Every night begins with Jack placing white tokens on the indicated red spaces; one of the opponents, chosen to be “lead investigator”, then places police tokens on yellow-outlined squares on the first night, and then on the investigator pawns’ last locations (plus two of the yellow squares) on subsequent nights. Several of these tokens are blank bluffs intended to keep the other side guessing. Once the tokens are placed, Jack reveals which of his tokens were bluffs and replaces the rest with white pawns representing “the Wretched,” Jack’s potential victims. He then has the opportunity to kill one of them right now, in which case he places a clear red “crime scene” marker on that circle and removes the other pawns. His other option is to give himself more time to return home; in this case, the lead investigator can move each one of the Wretched one space, although they are not allowed to be placed next to one of the police tokens — and then Jack can choose to reveal one of those tokens. This process repeats until Jack finally commits the murder, at which point the remaining police tokens are revealed and the corresponding pawns placed on the board. The game then moves into “the Hunt”.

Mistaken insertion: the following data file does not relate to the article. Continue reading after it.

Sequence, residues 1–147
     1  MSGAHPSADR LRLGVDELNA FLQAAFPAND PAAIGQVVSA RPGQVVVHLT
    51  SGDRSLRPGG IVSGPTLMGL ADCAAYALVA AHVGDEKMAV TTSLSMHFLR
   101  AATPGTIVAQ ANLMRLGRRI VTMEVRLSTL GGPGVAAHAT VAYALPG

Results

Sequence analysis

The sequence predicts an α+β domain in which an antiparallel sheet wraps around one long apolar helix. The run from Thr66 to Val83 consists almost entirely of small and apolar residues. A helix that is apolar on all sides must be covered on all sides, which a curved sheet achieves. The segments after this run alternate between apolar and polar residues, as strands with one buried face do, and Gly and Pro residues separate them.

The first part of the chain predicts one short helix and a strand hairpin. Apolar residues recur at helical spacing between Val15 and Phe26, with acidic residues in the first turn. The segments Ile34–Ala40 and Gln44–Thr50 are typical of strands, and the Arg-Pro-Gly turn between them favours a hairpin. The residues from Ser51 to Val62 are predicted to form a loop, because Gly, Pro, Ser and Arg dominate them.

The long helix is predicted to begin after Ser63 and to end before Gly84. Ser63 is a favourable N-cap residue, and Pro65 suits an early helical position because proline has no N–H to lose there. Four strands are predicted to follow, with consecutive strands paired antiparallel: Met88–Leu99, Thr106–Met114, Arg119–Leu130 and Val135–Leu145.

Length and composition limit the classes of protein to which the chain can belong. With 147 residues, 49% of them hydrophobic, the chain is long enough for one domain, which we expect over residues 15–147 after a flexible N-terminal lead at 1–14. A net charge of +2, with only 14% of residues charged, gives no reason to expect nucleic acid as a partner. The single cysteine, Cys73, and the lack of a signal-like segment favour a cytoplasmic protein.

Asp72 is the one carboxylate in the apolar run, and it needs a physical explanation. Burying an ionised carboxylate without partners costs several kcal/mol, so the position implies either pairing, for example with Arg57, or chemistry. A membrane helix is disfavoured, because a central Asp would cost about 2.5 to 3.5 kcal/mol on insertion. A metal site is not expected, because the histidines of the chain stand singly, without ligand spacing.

Once the crime scene is known, Jack gets to move from it to an adjacent circle; the streets of London are winding and numerous, and “adjacent” circles can in fact be quite far apart from the perspective of the investigators. Further complicating matters are the limited number of special maneuvers available to Jack: “carriages” allow him to move twice, including through/past an investigator’s pawn (not normally permitted); “alleys” allow him to move from his current location to any location connected to it by an adjacent brown block of buildings (looking at the board should make that more understandable). The investigators then move all of their pawns either one or two squares, with any pawns in excess of players being handled by the current lead investigator.